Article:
Children are naturally curious about how the world works, from stars to their little red blood cells. We have notable strengths in meeting students’ curiosity in our science curriculum. That curriculum is of our own design. Our youngest students in grades early K through 2 benefit from the educational backgrounds of teachers Katie Bushma and Arielle Lane. Arielle has 7 years’ experience in teaching young children; Katie is a new teacher with depth and enthusiasm. In teaching the older students, Lou Ellen Kay (PhD, biology, City University of New York) and Vincent Gutschick (PhD, chemistry, Caltech) draw on their deep backgrounds that cover core areas of the sciences. Vince has been cited in a Stanford-led study as currently ranking in the top 2% of scientists worldwide. They both draw as well as on their decades of experience teaching students at levels from elementary through graduate school – over 30 years, each. They also draw on our remarkable scientific equipment and supplies, originating in Lou Ellen and Vince’s long research careers, supplemented by current purchases. The remarkable resources include a vacuum chamber, a spectroradiometer, Geiger counter, hydroponic plant-growth systems, a full array of electronics parts and equipment, a variety of fossils and bones, model rockets, dissecting and staged microscopes, a high-speed camera. and more.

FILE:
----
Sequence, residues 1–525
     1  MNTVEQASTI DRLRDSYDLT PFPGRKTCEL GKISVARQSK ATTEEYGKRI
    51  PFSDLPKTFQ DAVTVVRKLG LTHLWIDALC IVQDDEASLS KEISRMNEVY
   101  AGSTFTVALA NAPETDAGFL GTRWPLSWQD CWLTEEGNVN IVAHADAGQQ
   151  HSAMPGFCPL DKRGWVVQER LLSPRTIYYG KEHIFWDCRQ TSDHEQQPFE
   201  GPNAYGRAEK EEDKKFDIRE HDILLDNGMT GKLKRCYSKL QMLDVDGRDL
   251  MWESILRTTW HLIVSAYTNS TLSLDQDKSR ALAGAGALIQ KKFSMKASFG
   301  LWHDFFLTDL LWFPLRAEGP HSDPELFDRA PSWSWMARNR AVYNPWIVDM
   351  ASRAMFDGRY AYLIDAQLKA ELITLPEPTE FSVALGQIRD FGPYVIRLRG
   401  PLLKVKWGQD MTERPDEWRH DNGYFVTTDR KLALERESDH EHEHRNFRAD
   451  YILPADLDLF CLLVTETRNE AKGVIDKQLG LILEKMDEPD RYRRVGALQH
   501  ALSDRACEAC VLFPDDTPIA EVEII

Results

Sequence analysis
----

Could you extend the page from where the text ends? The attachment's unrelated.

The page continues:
Our teachers have academic freedom, developing their own curricula, not hemmed in by any standard curriculum that cuts inquiry short. We all use elements of the Socratic method, posing questions for the students to create their own framework of knowledge. Students often propose topics, with teachers working in suggestions that build interest. Students have science in 4 to 6 periods each week in the current schedule (we adapted to fewer, longer periods during earlier, more restrictive precautions for COVID-19).
In the early grades, Arielle and Katie introduce topics in an order than keeps student interested, moving, for example, from the geology and geography of continents and oceans to astronomy – the planets by name, order, and orbital period; stars from birth to death; constellations – to how plants develop and grow.
In grades 3-5, Lou Ellen expands lectures with copious imagery – textbook figures, images from scientific journals, videos – as well as class discussions and hands-on work. For the latter, she draws on our abundant collection of samples, especially biological and geological, plus live plants, live and preserved insects, and more. Students watch insects develop in terraria. The use microscopes to examine anatomical features of organisms or rock textures. Segments of a semester cover geology and astronomy; students can examine the long table that Lou Ellen painted with the life history of various classes of stars.
In grades 6-8, Vince focuses on physics, chemistry, and biology in progression, while frequently mixing in concepts from all disciplines effectively, extending from agronomy to geology and beyond. Students particularly relish experiments that have deep technical design (analyzing model rocket altitude as a function of engine impulse), with lots of geometry in the field measurements), and moments of deeper insight or even drama – sodium metal decomposing in water, with a transition to explosion in warm water. Vince imbues the sessions with math, a core of all sciences, in engaging students in calculating results all along the way.